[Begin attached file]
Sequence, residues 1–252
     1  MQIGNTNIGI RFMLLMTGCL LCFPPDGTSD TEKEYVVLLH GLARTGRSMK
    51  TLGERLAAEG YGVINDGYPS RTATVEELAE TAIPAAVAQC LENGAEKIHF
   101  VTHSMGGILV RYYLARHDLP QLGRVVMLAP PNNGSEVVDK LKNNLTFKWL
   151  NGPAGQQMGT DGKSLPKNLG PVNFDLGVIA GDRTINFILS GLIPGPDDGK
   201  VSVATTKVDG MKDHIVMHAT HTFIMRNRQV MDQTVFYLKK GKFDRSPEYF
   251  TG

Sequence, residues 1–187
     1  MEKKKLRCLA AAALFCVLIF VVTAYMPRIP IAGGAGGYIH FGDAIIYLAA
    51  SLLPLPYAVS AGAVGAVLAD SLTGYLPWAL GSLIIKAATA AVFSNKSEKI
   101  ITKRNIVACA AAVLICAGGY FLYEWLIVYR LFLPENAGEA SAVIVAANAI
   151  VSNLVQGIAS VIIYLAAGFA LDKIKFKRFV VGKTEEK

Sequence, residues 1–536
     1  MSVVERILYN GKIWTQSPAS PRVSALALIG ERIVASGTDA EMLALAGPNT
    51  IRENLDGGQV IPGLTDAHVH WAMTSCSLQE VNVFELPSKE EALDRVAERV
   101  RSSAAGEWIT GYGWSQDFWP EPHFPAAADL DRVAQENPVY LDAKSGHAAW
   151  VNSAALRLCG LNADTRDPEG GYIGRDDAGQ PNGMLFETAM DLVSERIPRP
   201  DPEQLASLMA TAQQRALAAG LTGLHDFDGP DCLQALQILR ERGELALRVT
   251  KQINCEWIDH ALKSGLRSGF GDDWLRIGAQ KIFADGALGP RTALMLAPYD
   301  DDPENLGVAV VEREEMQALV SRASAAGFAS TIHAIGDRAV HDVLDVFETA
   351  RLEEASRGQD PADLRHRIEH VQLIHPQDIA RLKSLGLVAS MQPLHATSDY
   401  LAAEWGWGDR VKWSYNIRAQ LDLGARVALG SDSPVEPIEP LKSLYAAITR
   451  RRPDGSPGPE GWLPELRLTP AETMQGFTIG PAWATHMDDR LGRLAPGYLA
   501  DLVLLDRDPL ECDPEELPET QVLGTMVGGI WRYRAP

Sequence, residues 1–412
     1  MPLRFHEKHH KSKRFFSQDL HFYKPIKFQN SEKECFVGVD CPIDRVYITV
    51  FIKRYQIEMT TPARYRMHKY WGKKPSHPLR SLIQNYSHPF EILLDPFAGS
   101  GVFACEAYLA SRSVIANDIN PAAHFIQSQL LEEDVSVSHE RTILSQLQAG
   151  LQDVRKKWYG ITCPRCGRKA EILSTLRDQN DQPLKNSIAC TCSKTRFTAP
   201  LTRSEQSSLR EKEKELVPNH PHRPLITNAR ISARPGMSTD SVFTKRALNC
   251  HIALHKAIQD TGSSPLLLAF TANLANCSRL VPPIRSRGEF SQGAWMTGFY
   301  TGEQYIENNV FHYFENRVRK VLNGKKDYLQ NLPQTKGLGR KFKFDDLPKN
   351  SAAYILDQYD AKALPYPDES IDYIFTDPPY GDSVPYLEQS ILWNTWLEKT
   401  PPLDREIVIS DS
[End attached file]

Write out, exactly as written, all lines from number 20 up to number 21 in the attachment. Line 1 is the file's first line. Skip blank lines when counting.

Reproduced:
   301  DDPENLGVAV VEREEMQALV SRASAAGFAS TIHAIGDRAV HDVLDVFETA
   351  RLEEASRGQD PADLRHRIEH VQLIHPQDIA RLKSLGLVAS MQPLHATSDY